Take Control. Although coloured filters should still be used to manipulate contrast when shooting digital black and white images, it’s more common to save this work until the processing stage. Until a some years ago Photoshop’s Channel Mixer was the preferred means of turning colour images monochrome, but now Adobe Camera Raw has more powerful tools (in the HSL/Grayscale tab) that allow you to adjust the brightness of eight individual colours that make up the image. It’s possible to adjust single of these colours to make it anything from white to black with the sliding control. However, it’s important to keep an eye on the whole image when adjusting a particular colour as subtle gradations should become unnatural looking. And adjusting the brightness of a red or rosy shirt with the red sliding control, for instance , will have an impact on the model’s skin, especially the lips. The Levels and Curves controls may also be used to manipulate tonal range and contrast, but the HSL/Grayscale controls allow you to create discrimination between objects of the same brightness but with different colours.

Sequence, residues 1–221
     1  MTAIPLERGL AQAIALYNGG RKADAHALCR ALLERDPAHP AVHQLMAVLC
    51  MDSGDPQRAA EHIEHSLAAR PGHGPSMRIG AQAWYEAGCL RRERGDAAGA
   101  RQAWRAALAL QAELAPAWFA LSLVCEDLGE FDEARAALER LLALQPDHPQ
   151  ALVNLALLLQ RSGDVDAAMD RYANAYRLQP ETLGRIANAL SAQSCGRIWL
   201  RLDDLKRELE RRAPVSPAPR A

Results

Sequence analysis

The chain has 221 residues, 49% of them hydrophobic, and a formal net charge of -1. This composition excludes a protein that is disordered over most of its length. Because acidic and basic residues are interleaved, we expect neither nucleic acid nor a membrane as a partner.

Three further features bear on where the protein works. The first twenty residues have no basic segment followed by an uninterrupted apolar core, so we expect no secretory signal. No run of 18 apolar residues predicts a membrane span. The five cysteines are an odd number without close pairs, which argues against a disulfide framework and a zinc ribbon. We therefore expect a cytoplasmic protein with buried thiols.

Look for Contrast, Shape and Texture. The complimentary and opposing colours that bring a colour image to life are all decreased to black and white or shades of grey in a monochrome image and you have to look for tonal contrast to make a shot stand out. In colour photography, for example, your eye would immediately be drawn to a red object on a green background, but in monochrome photography these two areas are likely to have the same brightness, so the image looks flat and drab straight from the camera. providentially , it’s possible to work adjust the brightness of these two colours separately to introduce some contrast. However, a good starting point is to look for scenes with tonal contrast. There are always exceptions, but as a general rule look for scenes that contain some powerful blacks and whites. This may be achieved by the light or by the brightness (or tone) of the objects in the scene as well as the exposure settings that you use. The brightness of the bark of a silver birch tree for example, can inject some contrast (and interest) in to a woodland scene. Setting the exposure for these brighter areas also makes the shadows darker, so the highlights stand out even more. Look for shapes, patterns and textures in a scene and move around to find the best composition.